U.S. International Grand Prix at Laguna Seca : Rainey’s Win Bittersweet After Shobert Crashes
Wayne Rainey of Downey won the 500cc class of the Dunlop United States International Grand Prix Sunday, but it was what happened after the race that will stay in people’s minds.
Kevin Magee, who lost third place to Eddie Lawson of Upland on the final lap, was almost out of fuel and moving very slowly when he started up the hill at Turn 5 during the cool-off lap. Bubba Shobert, a former national dirt track champion from Carmel Valley in his rookie year on the world championship circuit, was trailing Magee.
As Lawson came alongside, Shobert turned to congratulate him and failed to notice that Magee had slowed abruptly, and slammed into the back of him.
Shobert suffered severe head injuries and was airlifted to San Jose Medical Center in Santa Clara and, several hours later was still unconscious. Track physician Dan Delgado described him as “critical.”
Magee has a broken left ankle.
“It is kind of hard to celebrate when your friends and teammate are hurt,” said Rainey, who has raced with and against Shobert for years on the American circuit and is a teammate of Magee.
Rainey, 28, won the U.S. Superbike championship in 1983 and 1987, and Shobert won it last year.
On Sunday, riders for Kenny Roberts, the retired six-time national champion, swept both ends of the racing at the Laguna Seca Raceway. His proteges, Rainey and John Kocinski of Little Rock, Ark., showed the cycling world that Roberts teaches as well as he rode.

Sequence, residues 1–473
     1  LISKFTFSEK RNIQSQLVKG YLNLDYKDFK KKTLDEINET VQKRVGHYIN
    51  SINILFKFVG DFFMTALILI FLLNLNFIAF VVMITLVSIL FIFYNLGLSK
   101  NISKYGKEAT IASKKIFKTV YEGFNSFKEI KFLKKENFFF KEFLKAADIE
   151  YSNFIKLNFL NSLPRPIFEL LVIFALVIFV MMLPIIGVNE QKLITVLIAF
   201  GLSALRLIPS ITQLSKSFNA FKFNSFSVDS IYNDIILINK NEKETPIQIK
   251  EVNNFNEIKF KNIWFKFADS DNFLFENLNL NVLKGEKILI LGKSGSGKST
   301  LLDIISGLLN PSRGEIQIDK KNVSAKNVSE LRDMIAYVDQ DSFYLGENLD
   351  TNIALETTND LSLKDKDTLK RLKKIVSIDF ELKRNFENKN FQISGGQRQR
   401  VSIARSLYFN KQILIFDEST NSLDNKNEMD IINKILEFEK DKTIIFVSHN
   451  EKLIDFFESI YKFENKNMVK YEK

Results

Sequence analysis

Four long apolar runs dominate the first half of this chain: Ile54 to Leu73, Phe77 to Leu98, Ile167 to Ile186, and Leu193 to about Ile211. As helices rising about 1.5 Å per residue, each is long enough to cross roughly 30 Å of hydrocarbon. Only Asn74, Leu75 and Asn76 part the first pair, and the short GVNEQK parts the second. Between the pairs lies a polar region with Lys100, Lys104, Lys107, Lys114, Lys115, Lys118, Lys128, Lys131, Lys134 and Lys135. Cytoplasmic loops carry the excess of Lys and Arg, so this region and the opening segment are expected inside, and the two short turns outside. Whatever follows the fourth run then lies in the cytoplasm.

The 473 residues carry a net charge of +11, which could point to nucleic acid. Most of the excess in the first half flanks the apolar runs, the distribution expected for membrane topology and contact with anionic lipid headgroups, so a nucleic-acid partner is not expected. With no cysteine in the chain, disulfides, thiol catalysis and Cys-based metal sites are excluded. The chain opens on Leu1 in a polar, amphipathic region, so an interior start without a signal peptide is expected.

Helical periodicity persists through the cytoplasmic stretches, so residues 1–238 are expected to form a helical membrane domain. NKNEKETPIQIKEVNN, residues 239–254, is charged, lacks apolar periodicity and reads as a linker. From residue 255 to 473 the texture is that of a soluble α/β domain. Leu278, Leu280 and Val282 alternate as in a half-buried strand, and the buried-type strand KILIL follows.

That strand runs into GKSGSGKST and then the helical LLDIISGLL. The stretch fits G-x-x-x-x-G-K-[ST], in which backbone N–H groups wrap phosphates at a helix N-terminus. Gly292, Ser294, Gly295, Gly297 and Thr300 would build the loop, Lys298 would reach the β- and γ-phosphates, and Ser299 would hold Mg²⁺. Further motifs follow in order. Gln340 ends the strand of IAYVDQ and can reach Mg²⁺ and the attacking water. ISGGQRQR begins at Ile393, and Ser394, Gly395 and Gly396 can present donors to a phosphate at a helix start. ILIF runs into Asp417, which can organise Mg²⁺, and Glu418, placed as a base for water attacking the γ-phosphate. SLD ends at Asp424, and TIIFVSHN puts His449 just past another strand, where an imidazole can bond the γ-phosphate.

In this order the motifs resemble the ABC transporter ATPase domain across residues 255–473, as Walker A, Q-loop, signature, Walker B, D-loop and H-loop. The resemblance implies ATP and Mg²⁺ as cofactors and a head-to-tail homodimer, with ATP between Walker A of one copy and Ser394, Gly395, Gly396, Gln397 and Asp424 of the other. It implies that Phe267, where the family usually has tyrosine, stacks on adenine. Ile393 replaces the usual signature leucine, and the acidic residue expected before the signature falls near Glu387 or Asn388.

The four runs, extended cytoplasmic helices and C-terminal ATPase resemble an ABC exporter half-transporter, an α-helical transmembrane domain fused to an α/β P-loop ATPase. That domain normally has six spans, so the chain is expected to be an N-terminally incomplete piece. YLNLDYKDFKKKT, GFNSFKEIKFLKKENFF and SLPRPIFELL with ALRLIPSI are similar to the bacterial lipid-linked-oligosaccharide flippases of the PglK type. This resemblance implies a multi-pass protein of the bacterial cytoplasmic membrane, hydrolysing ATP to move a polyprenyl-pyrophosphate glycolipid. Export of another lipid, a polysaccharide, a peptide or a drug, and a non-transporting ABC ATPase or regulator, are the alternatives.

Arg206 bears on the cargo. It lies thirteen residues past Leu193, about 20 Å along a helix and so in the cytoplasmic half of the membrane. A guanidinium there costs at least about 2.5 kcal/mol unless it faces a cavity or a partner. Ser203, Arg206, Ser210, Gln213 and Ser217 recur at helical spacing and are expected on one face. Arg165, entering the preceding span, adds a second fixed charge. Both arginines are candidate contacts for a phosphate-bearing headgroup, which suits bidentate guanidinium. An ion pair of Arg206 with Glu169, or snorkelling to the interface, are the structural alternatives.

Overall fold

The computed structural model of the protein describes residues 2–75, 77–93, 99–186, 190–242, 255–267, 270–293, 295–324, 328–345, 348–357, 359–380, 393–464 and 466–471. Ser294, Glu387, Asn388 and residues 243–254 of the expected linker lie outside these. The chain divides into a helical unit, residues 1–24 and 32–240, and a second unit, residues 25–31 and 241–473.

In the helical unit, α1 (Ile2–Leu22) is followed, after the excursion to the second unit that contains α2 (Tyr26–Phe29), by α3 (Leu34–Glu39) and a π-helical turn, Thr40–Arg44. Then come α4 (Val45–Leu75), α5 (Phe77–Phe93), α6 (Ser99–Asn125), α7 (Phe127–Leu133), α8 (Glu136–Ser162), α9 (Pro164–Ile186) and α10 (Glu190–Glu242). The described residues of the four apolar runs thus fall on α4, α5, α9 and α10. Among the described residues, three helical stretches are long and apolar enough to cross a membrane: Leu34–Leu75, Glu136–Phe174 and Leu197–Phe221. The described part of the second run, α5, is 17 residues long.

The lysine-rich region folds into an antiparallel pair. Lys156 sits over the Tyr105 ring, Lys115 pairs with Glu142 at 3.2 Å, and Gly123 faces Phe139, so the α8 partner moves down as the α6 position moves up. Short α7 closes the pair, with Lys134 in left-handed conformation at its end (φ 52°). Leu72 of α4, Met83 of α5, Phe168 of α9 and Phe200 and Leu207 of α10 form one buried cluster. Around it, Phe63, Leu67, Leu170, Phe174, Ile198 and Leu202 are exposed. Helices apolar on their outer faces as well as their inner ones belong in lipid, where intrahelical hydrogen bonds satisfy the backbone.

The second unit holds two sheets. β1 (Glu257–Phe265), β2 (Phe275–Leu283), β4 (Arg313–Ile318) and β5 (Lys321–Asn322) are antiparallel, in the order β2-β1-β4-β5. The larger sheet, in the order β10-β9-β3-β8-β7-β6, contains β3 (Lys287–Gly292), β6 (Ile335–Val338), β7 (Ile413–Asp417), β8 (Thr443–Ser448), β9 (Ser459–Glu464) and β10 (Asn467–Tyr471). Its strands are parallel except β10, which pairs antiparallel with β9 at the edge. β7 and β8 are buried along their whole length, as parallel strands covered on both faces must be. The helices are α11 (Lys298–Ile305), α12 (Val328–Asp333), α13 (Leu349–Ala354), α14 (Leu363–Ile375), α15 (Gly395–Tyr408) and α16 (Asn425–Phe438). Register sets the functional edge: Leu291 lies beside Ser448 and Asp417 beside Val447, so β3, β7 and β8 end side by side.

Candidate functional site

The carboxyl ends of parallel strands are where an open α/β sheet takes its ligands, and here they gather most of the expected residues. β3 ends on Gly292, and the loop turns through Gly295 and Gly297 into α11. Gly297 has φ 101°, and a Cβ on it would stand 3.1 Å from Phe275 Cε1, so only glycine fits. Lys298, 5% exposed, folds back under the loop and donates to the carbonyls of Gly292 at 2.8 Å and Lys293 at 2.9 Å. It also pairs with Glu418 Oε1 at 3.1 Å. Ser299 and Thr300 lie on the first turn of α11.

Rainey, in his second year on Roberts’ Team Lucky Strike, literally rode off and hid from the world’s finest collection of 500cc riders to win by 6.8 seconds over Kevin Schwantz of Houston, with Lawson, the world champion, third in the year’s second one-two-three finish for Americans.
The margin could have been greater but Rainey, who finished second in races Japan and Australia earlier this season, slowed his pace toward the end to conserve fuel.
“I got off the line good and kept pushing at the start to put as much distance between my bike and Kevin (Schwantz) as I could,” Rainey said. “I knew the bike was working perfect, so I only had two things to worry about--Kevin catching me or running out of gas.
“To tell the truth, I expected the U.S. to sweep the first three places. I knew I was going to push harder because it was our race, and I figured the other guys would, too.”
In addition to being the second 1-2-3 for Americans this year, it was the ninth in 500cc history. Three weeks ago, in Japan, it was Schwantz-Rainey-Lawson.
Schwantz, riding a Suzuki, said he pressed Rainey as hard as he could at the start but decided against riding on the ragged edge to try and catch him.
“I thought maybe I could pressure him into making a mistake,” Schwantz said, “but I also thought about my own mistake last week in Australia (where Schwantz fell while leading on the first lap) and decided maybe I had better settle down and ride a steady pace and finish strong.
“Laguna Seca has never been lucky for me, so I am pleased with second place and my 17 points. As far as I can remember those are the first points I have ever won here in any championship.”